United States District Court, S.D. New York
OPINION & ORDER
LORNA G. SCHOFIELD, District Judge.
Pro se Plaintiff Dana Escoffier brings suit against Defendants MFY Legal Services ("MFY") and MFY Board of Directors (the "Board") alleging discrimination, wrongful termination from the Board and slander. Defendants move to dismiss the Complaint on various grounds, including lack of subject matter jurisdiction. Plaintiff acknowledges that the Court lacks subject matter jurisdiction, and moves to transfer the case to state court or, in the alternative, to "stay" the statute of limitations on his claims. For the reasons below, Defendants' motion to dismiss for lack of subject matter jurisdiction is granted, and Plaintiff's motion to transfer is denied.
The allegations in the Second Amended Complaint (the "Complaint"), which is the operative complaint, are assumed to be true for purposes of this motion.
Defendant MFY is an independent legal services organization, incorporated in 1968. In October 2005, Plaintiff accepted the invitation of MFY's then Executive Director to serve on the Board, which he continued to do until February 8, 2011.
The Complaint alleges that Plaintiff was wrongfully terminated from his position as a Board member in violation of MFY's Bylaws and Mission Statement. The Complaint further alleges various instances of "conduct that was disparaging and discriminatory" by the Board that amounted to discrimination with intent to cause emotional harm and slander.
II. LEGAL STANDARD
Federal Rule of Civil Procedure 12(b)(1) provides for the dismissal of a claim when a federal court lacks subject matter jurisdiction. "Dismissal for lack of subject matter jurisdiction is proper when the district court lacks the statutory or constitutional power to adjudicate a case." Sokolowski v. Metro. Transp. Auth., 723 F.3d 187, 190 (2d Cir. 2013) (internal quotation marks and citation omitted). In defending against a motion to dismiss for lack of subject matter jurisdiction, the plaintiff bears the burden of proving the court's jurisdiction by a preponderance of the evidence. Makarova v. United States, 201 F.3d 110, 113 (2d Cir. 2000).
"Federal courts are courts of limited jurisdiction, ' possessing only that power authorized by Constitution and statute.'" Gunn v. Minton, 133 S.Ct. 1059, 1064 (2013) (quoting Kokkonen v. Guardian Life Ins. Co. of America, 511 U.S. 375, 377 (1994)). Neither party disputes that the present case falls outside that grant of limited jurisdiction. The standard bases for federal jurisdiction - federal question and diversity - do not apply: the case does not arise "under the Constitution, laws, or treaties of the United States, " 28 U.S.C. § 1331; and because all parties are citizens of New York, there is no diversity jurisdiction, see id. § 1332(a)(1). Although pro se litigants' complaints should be liberally construed, Teichmann v. New York, 769 F.3d 821, 825 (2d Cir. 2014), jurisdictional requirements are not relaxed based on a litigant's pro se status, see, e.g., Chestnut v. Wells Fargo Bank, N.A., No. 11 Civ. 5369, 2012 WL 1657362, at *3 (E.D.N.Y. May 7, 2012) ("Notwithstanding the liberal pleading standard afforded pro se litigants, federal courts are courts of limited jurisdiction and may not preside over cases if subject matter jurisdiction is lacking."). Accordingly, the case must be dismissed pursuant to Federal Rule of Civil Procedure 12(b)(1) for lack of subject matter jurisdiction.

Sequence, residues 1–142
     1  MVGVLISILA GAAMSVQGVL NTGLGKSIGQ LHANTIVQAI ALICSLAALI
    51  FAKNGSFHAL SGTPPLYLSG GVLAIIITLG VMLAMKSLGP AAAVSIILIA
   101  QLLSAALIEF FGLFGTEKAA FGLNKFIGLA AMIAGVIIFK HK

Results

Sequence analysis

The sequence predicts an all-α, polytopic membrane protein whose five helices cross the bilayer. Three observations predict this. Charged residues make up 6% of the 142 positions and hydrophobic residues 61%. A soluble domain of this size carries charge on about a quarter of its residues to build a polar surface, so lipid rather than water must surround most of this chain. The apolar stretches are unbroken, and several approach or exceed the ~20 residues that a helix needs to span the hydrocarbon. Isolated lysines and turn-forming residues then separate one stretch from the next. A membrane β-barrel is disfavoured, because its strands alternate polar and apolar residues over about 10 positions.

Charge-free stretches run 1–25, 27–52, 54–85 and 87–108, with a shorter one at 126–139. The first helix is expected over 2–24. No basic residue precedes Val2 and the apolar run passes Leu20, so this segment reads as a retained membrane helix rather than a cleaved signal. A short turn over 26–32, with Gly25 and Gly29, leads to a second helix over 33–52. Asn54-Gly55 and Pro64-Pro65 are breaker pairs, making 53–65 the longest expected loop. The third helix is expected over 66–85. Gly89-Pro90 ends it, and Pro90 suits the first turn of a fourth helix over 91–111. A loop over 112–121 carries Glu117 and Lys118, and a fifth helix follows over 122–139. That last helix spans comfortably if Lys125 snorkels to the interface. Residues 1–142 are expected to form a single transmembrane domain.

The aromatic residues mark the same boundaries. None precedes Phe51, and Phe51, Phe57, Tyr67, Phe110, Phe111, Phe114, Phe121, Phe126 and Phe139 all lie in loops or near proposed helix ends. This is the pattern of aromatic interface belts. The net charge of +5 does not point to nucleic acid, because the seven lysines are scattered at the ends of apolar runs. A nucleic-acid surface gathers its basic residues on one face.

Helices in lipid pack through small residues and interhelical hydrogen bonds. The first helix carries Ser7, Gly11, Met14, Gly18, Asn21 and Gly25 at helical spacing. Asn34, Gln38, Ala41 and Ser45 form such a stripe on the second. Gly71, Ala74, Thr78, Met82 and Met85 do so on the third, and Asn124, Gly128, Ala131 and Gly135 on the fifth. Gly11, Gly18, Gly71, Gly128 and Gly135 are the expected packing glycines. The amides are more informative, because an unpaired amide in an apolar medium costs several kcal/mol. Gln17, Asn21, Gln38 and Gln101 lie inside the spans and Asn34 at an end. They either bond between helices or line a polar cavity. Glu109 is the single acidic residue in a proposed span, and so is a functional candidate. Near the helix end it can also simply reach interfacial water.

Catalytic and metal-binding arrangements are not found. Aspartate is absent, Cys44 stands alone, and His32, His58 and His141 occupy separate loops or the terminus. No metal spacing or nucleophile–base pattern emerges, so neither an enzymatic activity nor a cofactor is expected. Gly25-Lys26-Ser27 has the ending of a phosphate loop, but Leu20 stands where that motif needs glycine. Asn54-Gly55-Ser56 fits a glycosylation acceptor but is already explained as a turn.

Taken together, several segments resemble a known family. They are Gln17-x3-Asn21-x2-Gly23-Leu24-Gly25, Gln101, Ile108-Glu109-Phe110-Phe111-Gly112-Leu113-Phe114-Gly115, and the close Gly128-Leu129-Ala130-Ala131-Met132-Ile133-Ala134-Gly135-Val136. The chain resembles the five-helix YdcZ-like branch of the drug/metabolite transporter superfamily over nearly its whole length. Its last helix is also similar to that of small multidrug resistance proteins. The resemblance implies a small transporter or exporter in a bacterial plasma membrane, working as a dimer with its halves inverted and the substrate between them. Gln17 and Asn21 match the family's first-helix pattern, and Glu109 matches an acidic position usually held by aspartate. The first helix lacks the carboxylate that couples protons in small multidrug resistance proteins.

Recognizing the fundamental jurisdictional deficiency in his pleadings, Plaintiff now seeks to have his case transferred to the Supreme Court of the State of New York. Plaintiff erroneously relies on 28 U.S.C. § 1406, which provides that "the district court of a district in which is filed a case laying venue in the wrong division or district shall dismiss, or if it be in the interest of justice, transfer such case to any district or division in which it could have been brought." The present case does not implicate improper venue, and § 1406 authorizes the transfer of a case only between two federal district courts. Accordingly, § 1406 has no application here.
Even if pro se Plaintiff's motion were construed to request a transfer to state court pursuant to 28 U.S.C. § 1631, the motion would still be denied. § 1631 provides in relevant part:
Whenever a civil action is filed in a court as defined in section 610 of this title... and that court finds that there is a want of jurisdiction, the court shall, if it is in the interest of justice, transfer such action... to any other such court in which the action or appeal could have been brought at the time it was filed..., and the action... shall proceed as if it had been filed in... the court to which it is transferred on the date upon which it was actually filed in... the court from which it is transferred.
However, § 1631, like § 1406, does not allow an action to be transferred to state court. McLaughlin v. Arco Polymers, Inc., 721 F.2d 426, 428-29 (3d Cir.1983); see also Giusti v. Morgan Stanley Smith Barney, LLC, 581 F.App'x 34, 35 (2d Cir. 2014) (same). Because 28 U.S.C. § 610 enumerates only federal courts, transfer pursuant to § 1631 can be only to another "such court, " i.e., another federal court. See Giusti, 581 F.App'x ...